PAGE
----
Rather than getting Israelis and Palestinians back to negotiations, President Barack Obama’s high-stakes attempt to relaunch Mideast peace talks runs the risk of cementing Israeli intransigence and exacerbating Palestinian weakness.
A day after Mr. Obama hosted the Israeli and Palestinian leaders in New York, Israeli officials boasted that they had fended off U.S. pressure to halt settlement construction. Moderate Palestinians said they felt undermined by Mr. Obama’s failure to back up his demand for a freeze — something Hamas militants were quick to exploit.
It has become clear in recent weeks that Mr. Obama has backed down on settlements after raising Palestinian hopes by saying in unusually blunt terms that all building must stop on lands the Palestinians claim for a future state.
That could seriously damage his credibility, especially in the Arab world. But it might also be a pragmatic realisation that a protracted dispute with Israel over a single issue threatened to distract attention from his wider goal of getting the sides together to start drafting a final peace deal.
Mr. Obama may have had Palestinian President Mahmoud Abbas’ predicament in mind when he outlined a tight timetable for upcoming diplomacy and chose particularly stern words to prod the sides to get serious. At one point in the three-way meeting on Tuesday, U.S. Mideast envoy George Mitchell said Mr. Obama told the two leaders: “The only reason to hold public office is to get things done.”
In a speech before the U.N. General Assembly on Wednesday, Mr. Obama renewed his call for an end to Israeli settlement activity, while also urging Palestinians to halt violence. He also called for relaunching Mideast peace talks without preconditions, words that hardline Israeli Prime Minister Benjamin Netanyahu welcomed on Thursday.
The perception that Mr. Obama has backed off on settlements was bolstered by the fact that Israel paid no price for bucking the U.S. demand — insisting on the construction of some 3,000 housing units in the West Bank — and his decision to largely sidestep the issue at Tuesday’s summit.
Despite the disappointments surrounding the summit, the reluctant handshake between Mr. Netanyahu and the weary Mr. Abbas, their first since Mr. Netanyahu took office in March, is not irrelevant. It could herald the beginning of renewed engagement.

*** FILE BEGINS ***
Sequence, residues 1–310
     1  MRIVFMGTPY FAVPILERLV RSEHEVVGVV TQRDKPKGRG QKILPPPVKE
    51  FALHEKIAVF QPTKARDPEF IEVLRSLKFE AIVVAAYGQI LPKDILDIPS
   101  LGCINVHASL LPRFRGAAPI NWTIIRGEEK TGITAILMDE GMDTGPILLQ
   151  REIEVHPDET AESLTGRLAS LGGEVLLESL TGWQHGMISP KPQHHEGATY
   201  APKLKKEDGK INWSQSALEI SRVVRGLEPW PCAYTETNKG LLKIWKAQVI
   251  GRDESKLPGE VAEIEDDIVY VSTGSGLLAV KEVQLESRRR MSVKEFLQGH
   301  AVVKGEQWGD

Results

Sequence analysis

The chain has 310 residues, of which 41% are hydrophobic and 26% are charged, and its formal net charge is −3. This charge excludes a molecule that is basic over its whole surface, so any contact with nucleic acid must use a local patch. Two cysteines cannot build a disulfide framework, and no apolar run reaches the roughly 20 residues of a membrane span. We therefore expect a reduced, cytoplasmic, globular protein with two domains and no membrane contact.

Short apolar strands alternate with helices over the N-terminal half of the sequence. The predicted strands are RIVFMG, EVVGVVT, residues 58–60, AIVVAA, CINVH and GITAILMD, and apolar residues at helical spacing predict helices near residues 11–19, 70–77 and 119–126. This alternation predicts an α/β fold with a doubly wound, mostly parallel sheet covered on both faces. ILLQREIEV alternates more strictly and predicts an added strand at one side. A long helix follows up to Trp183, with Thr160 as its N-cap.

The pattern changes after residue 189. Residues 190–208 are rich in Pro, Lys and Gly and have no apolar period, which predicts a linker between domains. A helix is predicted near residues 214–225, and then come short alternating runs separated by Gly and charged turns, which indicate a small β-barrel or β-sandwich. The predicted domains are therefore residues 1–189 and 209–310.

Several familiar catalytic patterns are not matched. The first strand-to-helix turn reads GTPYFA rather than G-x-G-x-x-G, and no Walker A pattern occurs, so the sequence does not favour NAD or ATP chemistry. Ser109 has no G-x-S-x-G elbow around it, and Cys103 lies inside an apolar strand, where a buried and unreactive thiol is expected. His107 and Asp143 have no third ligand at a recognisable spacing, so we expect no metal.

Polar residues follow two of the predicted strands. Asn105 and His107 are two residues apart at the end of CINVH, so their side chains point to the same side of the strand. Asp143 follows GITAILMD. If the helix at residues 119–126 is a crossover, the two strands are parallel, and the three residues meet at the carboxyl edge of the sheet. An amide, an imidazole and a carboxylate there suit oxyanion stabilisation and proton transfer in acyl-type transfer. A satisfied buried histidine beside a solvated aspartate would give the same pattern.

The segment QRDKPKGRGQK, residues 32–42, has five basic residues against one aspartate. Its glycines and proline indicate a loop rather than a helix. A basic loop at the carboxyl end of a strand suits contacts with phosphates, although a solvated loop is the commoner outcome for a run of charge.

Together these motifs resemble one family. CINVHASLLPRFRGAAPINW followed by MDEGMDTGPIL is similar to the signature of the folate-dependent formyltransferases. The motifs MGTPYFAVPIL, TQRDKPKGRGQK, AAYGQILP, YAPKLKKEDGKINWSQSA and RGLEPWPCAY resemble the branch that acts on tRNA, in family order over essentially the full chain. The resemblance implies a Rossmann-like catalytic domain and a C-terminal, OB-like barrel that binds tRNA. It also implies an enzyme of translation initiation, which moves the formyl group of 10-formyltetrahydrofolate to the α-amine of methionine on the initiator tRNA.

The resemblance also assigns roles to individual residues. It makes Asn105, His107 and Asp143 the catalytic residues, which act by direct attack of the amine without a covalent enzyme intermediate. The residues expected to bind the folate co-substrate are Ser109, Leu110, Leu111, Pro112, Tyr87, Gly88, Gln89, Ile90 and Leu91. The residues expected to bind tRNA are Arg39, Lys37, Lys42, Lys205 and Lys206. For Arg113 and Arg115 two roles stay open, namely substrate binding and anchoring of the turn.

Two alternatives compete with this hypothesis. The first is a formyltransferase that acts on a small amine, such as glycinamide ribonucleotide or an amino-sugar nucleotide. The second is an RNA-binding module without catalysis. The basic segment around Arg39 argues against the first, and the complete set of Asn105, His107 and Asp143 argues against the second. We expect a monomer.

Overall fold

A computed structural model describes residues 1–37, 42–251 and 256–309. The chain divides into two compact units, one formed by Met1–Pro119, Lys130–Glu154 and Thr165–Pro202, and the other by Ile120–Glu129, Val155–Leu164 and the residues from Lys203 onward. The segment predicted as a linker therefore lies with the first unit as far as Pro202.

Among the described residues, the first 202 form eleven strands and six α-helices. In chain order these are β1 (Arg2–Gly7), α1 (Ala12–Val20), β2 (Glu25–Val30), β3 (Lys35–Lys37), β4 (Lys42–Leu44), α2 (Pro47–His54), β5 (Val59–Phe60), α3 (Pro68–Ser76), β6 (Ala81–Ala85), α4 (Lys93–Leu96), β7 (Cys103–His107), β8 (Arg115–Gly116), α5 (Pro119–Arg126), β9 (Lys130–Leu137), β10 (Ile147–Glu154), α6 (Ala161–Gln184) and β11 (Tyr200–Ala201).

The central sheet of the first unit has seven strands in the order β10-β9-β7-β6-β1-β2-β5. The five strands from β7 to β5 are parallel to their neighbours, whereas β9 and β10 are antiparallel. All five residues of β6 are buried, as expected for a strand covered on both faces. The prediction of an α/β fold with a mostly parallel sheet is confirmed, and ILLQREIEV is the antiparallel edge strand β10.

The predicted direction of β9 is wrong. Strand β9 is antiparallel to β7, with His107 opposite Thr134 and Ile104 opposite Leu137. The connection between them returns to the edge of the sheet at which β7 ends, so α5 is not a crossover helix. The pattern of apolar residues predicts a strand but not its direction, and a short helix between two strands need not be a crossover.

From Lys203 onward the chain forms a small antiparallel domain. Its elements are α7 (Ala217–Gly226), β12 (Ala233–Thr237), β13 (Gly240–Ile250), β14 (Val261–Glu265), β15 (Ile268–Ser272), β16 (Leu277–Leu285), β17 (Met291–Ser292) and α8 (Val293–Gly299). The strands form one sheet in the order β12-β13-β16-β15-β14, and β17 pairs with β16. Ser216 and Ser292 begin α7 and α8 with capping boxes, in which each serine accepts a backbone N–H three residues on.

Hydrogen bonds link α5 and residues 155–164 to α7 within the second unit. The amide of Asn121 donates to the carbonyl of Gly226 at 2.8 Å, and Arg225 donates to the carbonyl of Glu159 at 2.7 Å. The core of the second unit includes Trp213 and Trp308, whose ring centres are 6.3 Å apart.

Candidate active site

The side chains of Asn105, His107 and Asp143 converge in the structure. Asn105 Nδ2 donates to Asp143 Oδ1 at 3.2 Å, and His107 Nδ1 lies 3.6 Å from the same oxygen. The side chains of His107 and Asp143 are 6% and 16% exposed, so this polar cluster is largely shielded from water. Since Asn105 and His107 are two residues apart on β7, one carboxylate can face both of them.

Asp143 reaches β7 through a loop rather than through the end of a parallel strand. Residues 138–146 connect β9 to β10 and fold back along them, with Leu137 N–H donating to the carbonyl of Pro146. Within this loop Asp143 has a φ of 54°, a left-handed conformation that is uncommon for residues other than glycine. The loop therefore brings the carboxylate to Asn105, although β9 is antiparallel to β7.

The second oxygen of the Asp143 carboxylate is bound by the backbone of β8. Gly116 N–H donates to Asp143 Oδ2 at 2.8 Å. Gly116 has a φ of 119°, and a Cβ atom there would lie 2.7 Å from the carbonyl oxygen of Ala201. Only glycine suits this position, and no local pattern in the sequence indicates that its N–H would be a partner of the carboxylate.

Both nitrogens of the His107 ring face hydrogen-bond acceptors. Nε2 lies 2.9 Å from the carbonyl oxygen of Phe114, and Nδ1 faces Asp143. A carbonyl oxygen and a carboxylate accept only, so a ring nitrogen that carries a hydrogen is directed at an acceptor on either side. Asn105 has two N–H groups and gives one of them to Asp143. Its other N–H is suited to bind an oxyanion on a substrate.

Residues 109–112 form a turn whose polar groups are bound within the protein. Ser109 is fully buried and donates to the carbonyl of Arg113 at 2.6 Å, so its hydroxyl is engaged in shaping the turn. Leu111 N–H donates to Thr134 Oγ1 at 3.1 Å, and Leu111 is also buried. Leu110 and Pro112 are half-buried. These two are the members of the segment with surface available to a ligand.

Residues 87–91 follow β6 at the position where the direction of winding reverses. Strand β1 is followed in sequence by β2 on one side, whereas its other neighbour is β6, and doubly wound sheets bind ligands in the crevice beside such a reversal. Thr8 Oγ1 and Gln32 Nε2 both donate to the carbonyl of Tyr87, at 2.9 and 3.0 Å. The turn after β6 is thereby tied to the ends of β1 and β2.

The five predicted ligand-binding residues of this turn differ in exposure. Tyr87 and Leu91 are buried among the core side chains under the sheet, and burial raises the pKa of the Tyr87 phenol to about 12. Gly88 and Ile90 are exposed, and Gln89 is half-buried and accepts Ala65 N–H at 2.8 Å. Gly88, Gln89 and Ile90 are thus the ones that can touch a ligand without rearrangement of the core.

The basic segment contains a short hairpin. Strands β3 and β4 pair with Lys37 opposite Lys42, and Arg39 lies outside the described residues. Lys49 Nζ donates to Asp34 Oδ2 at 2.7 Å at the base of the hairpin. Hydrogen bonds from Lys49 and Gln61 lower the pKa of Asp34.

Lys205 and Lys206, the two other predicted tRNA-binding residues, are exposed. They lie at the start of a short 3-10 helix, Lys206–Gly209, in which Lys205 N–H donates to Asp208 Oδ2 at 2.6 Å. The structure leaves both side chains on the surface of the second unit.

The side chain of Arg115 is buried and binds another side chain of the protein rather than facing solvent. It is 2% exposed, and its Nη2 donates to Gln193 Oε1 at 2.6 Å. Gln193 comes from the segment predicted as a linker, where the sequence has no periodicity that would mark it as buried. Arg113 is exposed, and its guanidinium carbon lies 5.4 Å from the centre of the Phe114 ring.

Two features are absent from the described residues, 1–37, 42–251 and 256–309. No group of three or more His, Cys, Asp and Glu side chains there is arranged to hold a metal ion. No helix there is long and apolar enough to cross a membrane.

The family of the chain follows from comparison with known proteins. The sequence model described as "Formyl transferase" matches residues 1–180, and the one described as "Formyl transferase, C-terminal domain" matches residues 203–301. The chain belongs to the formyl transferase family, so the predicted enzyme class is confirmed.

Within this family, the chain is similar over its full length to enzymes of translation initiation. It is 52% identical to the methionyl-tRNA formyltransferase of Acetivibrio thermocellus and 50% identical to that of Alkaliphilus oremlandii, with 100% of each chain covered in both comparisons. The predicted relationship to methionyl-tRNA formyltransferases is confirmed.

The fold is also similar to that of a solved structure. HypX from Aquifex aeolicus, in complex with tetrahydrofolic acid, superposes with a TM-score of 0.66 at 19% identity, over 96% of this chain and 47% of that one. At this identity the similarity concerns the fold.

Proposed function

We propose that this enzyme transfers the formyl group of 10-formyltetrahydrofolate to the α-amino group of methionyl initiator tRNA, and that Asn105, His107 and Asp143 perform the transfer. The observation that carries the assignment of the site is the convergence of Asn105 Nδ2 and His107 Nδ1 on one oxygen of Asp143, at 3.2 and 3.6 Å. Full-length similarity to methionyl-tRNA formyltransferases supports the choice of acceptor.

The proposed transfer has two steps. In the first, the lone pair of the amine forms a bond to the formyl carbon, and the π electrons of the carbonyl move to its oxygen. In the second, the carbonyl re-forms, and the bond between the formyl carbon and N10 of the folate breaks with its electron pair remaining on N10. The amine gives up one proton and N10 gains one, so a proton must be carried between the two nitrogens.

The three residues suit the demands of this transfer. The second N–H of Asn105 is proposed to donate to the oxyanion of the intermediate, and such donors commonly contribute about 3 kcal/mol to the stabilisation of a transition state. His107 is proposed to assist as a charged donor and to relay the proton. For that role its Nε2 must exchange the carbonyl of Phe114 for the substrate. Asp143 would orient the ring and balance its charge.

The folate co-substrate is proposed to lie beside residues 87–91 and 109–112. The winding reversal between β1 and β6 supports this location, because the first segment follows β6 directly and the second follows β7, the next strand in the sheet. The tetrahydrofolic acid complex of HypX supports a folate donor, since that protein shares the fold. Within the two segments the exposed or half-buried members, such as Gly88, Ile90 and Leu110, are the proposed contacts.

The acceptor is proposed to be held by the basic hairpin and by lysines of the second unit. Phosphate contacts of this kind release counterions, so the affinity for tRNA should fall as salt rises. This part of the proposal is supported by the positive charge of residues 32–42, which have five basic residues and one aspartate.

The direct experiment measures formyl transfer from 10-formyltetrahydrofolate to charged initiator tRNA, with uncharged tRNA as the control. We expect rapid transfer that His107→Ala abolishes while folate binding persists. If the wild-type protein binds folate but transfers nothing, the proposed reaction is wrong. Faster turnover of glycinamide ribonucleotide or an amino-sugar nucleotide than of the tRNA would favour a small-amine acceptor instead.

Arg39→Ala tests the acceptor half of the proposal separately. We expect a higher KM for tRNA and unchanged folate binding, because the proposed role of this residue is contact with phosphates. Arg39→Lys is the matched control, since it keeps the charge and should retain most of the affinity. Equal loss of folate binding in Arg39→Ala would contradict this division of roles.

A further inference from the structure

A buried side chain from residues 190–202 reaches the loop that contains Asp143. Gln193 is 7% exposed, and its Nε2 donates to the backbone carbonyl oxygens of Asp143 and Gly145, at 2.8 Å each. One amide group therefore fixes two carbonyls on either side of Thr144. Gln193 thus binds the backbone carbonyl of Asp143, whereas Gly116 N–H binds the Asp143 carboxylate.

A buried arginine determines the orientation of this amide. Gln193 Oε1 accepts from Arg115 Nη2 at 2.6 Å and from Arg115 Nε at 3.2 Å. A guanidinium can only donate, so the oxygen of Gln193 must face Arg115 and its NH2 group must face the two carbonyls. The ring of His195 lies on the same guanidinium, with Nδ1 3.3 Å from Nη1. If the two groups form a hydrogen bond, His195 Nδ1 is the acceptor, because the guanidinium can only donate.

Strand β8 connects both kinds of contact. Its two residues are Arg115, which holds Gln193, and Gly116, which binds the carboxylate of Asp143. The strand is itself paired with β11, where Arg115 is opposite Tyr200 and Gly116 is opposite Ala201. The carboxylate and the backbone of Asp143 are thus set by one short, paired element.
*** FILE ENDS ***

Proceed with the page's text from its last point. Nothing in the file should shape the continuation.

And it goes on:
None of that, however, could erase the impression on the ground that Mr. Obama has failed to achieve two of his most important goals announced early in his Presidency: a halt to construction in Israeli settlements, as well as reciprocal Arab gestures, such as opening up trade offices, meant to begin normalising relations with the Jewish state.
Avigdor Lieberman, Israel’s polarising Foreign Minister who has faced allegations of racism, essentially declared victory for Israel’s stance on settlement building.
“This government has shown that you don’t always need to get flustered, to surrender and give in,” Lieberman said Wednesday. “What’s important for me is that this government kept its promises to the voter ... and the fact is that this meeting (the New York summit) happened.”
The Israeli right might be celebrating a hollow victory, however, since their country’s true interests were likely served by Mr. Obama’s demand. Palestinian statehood may be the only way for Israel to survive as both a Jewish and democratic state — given that Muslims will soon outnumber Jews in the lands comprising historic Palestine. Any peace deal would require Israel to dismantle most, if not all, of its settlements.
The lack of muscle behind Mr. Obama’s settlement demand has helped create the impression that Mr. Abbas, who had been emboldened enough by the tough U.S. stance to set a settlement freeze as a condition for renewed talks, has now been left to dangle.
Mr. Abbas’ aides tried to spin the New York meeting positively. But one Palestinian government official, Ghassan Khatib, was more candid.
“I’ll be frank. There was some disappointment here in the Palestinian territories among officials and the public that might not appear on the surface, in the official reactions, probably for diplomatic reasons,” he said.
“The disappointment results from the fact that the (U.S.) administration... insisted on the meeting in spite of not making enough progress on the settlement freeze,” Mr. Khatib said. “As long as any peace process is not good enough to stop the expansion of settlements, it will not be perceived as a constructive and meaningful process.”
In the Gaza Strip, the Hamas-controlled territory that together with the West Bank is supposed to make up a future Palestinian state, Hamas spokesman Sami Abu Zuhri said his movement “condemns Mahmoud Abbas’ participation in this meeting which has damaged Palestinian interests.”
“The American administration’s failure to force the occupation to stop settlement and other violations of Palestinian rights confirms its complete bias in favour of the occupation and the danger for the Arabs of counting on the American position towards the Arab-Israeli conflict,” he added.
Hamas’ two-year-old stranglehold on Gaza has emerged as one of the leading obstacles to Palestinian statehood — and may even help explain Washington’s decision not to press too hard on settlements, since the Gaza wildcard might preclude a peace deal anyway.